(Cross-posted from the Cabinet Office digital engagement blog, with thanks for the guest spot.)
You might think a 20-page strategy a bit over the top for a tool like Twitter.
After all, microblogging is a low-barrier to entry, low-risk and low-resource channel relative to other corporate communications overheads like a blog or printed newsletter. And the pioneers in corporate use of Twitter by central government (see No 10, CLG and FCO) all started as low-profile experiments and grew organically into what they are today.
But, having held back my JFDI inclinations long enough to sit down and write a proper plan for BIS‘s corporate Twitter account, I was surprised by just how much there is to say – and quite how worth saying it is, especially now the platform is more mature and less forgiving of mistakes.
So in case it’s of use to others who are thinking of doing the same, I’ve turned BIS’s Twitter strategy into this generic template for any government Department:
You’re welcome to re-use this however you like, be that to adopt it wholesale or remix it to suit the needs of your organisation. Let me know any changes you’d make (I am sure there will be lots) via the comments below, on the DirDigEng blog or get in touch directly.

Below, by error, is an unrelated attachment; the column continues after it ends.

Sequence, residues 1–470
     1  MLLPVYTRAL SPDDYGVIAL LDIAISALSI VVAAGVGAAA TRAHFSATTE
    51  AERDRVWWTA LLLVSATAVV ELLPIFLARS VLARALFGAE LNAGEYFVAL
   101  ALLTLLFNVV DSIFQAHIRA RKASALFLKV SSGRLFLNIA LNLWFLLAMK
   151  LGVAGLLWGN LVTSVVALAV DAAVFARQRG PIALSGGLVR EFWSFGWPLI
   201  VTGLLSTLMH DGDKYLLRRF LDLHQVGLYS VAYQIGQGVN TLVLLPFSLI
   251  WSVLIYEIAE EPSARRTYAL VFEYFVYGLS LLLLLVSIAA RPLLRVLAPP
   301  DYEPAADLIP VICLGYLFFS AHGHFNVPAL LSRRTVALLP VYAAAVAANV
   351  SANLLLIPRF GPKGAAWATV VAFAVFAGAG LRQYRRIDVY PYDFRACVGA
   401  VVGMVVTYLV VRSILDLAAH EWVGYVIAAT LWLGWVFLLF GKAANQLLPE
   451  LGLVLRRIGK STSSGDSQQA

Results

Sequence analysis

For the next version of this document, prompted largely by Steph, I’d like to cover how and when civil servants should support, encourage and manage Ministers’ use of Twitter for Departmental business (and navigate the minefield of propriety this might imply), and add a light touch policy for officials who tweet about their work in a personal capacity.
Finally, some of the benefits I’ve found of having this document in my armoury are:
- To get buy-in, explain Twitter’s importance to non-believers and the uninitiated, and face down accusations of bandwagon-jumping
- To set clear objectives and metrics to make sure there’s a return on the investment of staff time (and if there isn’t, we’ll stop doing it)
- To make sure the channel is used consistently and carefully, to protect corporate reputation from silly mistakes or inappropriate use
- To plan varied and interesting content, and enthuse those who will provide it into actively wanting to do so
- As a briefing tool for new starters in the team who will be involved in the management of the channel
I hope you’ll find it useful too.
Some other Twitter strategy tips, if you’re hungry for more:
- Jon Bounds – tweeting for a brand or organisation
- Digital Engagement (the other one) – top ten Twitter tips for councils
Image credit: Matt Hamm